Archive for the ‘News’ Category

Women are championing the fight against climate change

To fight the extreme climate change affecting India, including rising temperatures and irregular rains, these women have been ideating and implementing different strategies across the country.

According to the Economic Survey 2018-19, farm revenues have declined for a number of crops despite increasing production, and market prices falling below the Minimum Support Price (MSP). It also states that the projected long-term weather patterns indicate a reduction in annual agricultural incomes between 15 and 18 percent on average, and up to 20 and 25 percent for non-irrigated areas.

Determined to solve these issues, farmers and entrepreneurs in this sector have been improving their farming methods, making their crops more adaptable to the changing climate.

Making woman the nutrition champion in rural homes through NRLM

Making woman the champion fighter against malnutrition in her home and in society,  and recognising the key role that enhanced livelihood plays in providing nutrition, millions of women across rural India have been made part of Self Help Groups and are involved in varied activities like organic farming, or as Mahila Kisans, Pashu Sakhis – thanks to the Rural Development Ministry’s Deendayal Antyodaya Yojana National Rural Livelihoods Mission (DAY-NRLM).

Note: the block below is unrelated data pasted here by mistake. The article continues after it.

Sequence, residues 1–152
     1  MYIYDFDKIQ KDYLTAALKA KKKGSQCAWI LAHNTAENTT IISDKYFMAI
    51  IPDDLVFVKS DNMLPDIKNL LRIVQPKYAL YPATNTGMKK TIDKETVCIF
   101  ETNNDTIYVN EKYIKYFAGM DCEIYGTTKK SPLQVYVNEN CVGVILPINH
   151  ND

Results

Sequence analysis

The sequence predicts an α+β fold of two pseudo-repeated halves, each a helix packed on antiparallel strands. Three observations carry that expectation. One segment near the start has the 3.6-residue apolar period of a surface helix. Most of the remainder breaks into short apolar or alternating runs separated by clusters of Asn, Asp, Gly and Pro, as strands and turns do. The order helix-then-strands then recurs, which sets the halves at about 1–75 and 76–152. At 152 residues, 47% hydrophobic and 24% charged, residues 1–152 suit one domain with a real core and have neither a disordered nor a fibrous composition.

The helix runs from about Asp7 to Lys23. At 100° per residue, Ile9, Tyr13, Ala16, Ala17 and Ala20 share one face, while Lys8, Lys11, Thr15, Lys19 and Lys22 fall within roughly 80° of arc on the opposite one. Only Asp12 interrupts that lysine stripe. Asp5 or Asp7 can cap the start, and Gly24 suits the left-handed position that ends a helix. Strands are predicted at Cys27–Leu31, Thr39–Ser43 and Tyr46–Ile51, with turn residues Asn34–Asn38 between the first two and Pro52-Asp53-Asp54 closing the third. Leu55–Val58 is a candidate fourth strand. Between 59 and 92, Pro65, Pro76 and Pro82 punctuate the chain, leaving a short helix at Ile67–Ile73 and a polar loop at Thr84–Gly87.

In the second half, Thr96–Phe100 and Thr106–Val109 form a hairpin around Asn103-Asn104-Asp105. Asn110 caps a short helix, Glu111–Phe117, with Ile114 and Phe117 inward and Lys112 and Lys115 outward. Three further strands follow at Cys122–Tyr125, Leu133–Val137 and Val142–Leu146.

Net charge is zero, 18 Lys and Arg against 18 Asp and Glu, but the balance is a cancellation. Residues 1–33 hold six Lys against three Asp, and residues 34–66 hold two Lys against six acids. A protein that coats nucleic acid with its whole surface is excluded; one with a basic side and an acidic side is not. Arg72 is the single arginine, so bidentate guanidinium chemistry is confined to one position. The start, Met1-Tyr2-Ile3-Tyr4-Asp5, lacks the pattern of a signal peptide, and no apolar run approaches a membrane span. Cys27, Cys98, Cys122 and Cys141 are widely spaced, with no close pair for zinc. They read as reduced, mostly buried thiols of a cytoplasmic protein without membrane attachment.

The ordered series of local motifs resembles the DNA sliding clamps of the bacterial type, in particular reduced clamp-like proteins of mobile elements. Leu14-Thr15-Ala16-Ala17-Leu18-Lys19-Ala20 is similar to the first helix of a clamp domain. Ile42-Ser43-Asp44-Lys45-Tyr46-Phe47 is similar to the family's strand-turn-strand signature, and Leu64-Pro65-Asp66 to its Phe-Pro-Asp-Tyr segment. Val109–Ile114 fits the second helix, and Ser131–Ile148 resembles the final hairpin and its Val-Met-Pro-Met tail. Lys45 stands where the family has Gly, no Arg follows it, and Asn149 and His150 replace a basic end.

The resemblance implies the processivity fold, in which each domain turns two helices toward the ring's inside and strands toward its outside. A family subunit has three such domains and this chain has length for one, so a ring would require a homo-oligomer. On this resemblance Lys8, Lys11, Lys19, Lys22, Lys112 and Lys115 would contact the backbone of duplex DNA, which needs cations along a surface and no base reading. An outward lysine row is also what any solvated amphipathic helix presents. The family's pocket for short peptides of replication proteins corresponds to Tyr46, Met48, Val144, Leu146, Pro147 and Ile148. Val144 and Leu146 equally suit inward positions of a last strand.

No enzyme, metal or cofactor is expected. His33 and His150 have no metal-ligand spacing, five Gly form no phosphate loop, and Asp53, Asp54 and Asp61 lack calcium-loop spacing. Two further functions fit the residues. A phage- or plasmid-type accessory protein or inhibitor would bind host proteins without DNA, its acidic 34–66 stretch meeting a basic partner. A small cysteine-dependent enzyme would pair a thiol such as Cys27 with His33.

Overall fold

DAY-NRLM seeks to reach out to rural poor households and organise one woman member from each household into women Self Help Groups and federations at the village level and above.

Indian Superhero who is changing the lives of farmers

Twenty-eight-year-old Divya Shetty is Co-founder of Indian Superheroes, which works towards eliminating middlemen, and ensuring a fair price to farmers. The company also manufactures sustainable stationery out of recycled paper that can be grown into plants after use.

Farmer in the city

The early morning sun lights up several shades of green at SLV Krishivihaar, BK Bhavya’s expansive organic farm. She is caressing the tender stalks, as if waking them up gently. Shaking off the morning dew from a bunch of freshly-plucked leaves, Bhavya holds out the four kinds of greens that she grows in 12 huge patches in her two-acre field at Nettigere, off Kanakapura Main Road.

Changing trends in the Indian organic food industry

Ceaseless utilization of synthetic concoctions and composts, bringing about low-quality nourishment with an unsafe effect on human wellbeing, has constrained individuals to locate an elective arrangement, which is healthy and natural. In a previous couple of years, organic products have increased huge ubiquity as the millennial age is progressively getting to be mindful of the geniuses appended to being healthy. The dread of capitulating to sicknesses has enormously driven a union where individuals have begun changing to more beneficial nourishment choices.

Notwithstanding the medical advantages, natural organic products is delivered by the technique of organic farming which is sustainable for the environment without any compromise in the product quality. The conventional methods of farming usually affect the surroundings with the use of synthetic chemicals. The fact that organic farming methods abandon the use of synthetic chemicals makes this practice environment-friendly.